David Bakker

DPsych (Clinical) Candidate

David Bakker is currently studying a Doctor of Clinical Psychology and Monash University. He is also the founder of MoodMission, an app for coping with low moods and anxiety.

David has been involved with developing several mental health and well-being apps, and looks forward to developing new and innovative ways of integrating technology into psychological practice. 

Towards a Better Understanding of Anxiety and Depression

Mental Health Week 2014 has now been and gone, and there has been a tremendous amount of support for the cause from many institutions. This has been phenomenal to observe, and I really hope a lot of people have been motivated to seek help or to ask friends, family members, or strangers if they need support.

Although the awareness and encouragement that has grown out of this movement is incredibly positive, a word has been used an awful lot that leaves me feeling more and more uncomfortable each time I hear it. The word is ‘illness’.

Anxiety and depression are the main focuses of most of the Mental Health Week dialogue, and I’d like to talk about the problems associated with using the word ‘illness’ to describe these problems. But before I do, I want to make it clear that I do not think anxiety, depression, or indeed any mental health issues are invalid concepts. Undoubtedly there are some mental health problems that can benefit from being conceptualised as illnesses, but I do not believe these include the majority of cases of clinical anxiety or depression. There are far more helpful ways of conceptualising these problems.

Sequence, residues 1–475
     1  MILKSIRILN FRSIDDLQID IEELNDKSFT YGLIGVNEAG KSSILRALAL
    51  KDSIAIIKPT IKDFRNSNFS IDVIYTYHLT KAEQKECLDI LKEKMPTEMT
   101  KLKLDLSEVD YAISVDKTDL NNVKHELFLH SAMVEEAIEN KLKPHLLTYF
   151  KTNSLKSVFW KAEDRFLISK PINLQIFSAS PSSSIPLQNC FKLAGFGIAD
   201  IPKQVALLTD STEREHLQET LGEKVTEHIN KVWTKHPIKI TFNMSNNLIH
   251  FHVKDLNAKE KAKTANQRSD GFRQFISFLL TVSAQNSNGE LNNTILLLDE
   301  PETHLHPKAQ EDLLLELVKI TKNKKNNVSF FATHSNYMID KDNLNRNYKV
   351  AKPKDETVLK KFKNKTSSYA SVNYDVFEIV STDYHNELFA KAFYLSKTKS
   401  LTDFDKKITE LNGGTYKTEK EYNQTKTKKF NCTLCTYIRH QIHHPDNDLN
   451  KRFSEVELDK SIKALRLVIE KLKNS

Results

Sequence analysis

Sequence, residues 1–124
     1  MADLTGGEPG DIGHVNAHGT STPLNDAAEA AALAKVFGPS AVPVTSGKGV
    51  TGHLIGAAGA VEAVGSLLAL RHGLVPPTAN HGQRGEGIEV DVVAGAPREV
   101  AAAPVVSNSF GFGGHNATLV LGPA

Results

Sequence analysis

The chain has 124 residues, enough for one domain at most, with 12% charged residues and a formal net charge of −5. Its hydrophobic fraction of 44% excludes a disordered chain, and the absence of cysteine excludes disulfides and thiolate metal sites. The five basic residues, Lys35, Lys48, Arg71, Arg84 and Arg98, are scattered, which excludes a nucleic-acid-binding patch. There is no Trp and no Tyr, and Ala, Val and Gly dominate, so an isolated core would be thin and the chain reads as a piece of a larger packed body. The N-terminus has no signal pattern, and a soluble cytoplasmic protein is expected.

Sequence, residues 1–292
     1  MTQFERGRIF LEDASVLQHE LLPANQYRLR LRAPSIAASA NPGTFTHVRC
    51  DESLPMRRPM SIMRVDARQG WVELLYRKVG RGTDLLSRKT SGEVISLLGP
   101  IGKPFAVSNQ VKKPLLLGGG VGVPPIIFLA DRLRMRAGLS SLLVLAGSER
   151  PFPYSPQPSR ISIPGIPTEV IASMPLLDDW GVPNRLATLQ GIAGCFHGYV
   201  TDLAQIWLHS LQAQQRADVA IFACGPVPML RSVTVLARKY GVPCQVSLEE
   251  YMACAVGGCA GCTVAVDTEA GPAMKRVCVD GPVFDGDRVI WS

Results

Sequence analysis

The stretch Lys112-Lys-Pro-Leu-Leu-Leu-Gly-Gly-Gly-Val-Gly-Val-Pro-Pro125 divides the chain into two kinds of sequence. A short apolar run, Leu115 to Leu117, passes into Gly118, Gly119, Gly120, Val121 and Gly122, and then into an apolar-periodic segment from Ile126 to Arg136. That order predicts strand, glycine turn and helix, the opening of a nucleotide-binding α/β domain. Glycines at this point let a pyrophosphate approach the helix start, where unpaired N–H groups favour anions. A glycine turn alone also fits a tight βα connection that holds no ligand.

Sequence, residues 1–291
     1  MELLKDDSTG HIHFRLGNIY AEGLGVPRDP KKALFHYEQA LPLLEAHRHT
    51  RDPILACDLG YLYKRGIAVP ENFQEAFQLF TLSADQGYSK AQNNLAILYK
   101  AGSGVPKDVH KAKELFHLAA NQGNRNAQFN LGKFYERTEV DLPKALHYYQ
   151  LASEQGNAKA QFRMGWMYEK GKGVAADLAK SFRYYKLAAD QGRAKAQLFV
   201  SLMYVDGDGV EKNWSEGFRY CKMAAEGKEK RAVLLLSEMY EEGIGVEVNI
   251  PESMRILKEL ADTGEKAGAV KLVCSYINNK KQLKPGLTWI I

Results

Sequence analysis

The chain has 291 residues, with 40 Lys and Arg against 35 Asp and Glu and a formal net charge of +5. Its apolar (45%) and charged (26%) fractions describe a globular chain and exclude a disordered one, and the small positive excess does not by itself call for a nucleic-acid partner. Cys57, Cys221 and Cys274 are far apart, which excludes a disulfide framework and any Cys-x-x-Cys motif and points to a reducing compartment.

The ‘illness’-focussed coverage we’ve seen during Mental Health Week has been a strong reminder that we are still using a medical model to understand mental health. This model emphasises the treatment of dysfunction (or ‘illness’ as the model forces us to use the concept) through utilisation of external resources, such as doctors, psychologists, and counsellors. Before this model we’ve historically used many others, including the character-weakness model (i.e. anxiety and depression are just ‘in your head’ and are ultimately reflections of laziness), the moral-weakness model (i.e. you are having these problems because you are immoral and not living your life correctly), and, even earlier, the possession model (i.e. these problems stem from demonic or spiritual forces). The big advantage of the medical model over these archaic concepts is the relocation of blame. Under the medical model mental health problems are illnesses that someone is either born with or develops through forces that are largely outside of their control. This can be tremendously powerful for someone who hates him or herself for having anxiety or depression. All of a sudden they are told that their experiences are just symptoms of a disease, so they can rally their forces against this externalised threat. They are no longer an anxious person, they are now a person with anxiety.

As implied, however, there are some big drawbacks to this sort of conceptualisation of anxiety and depression.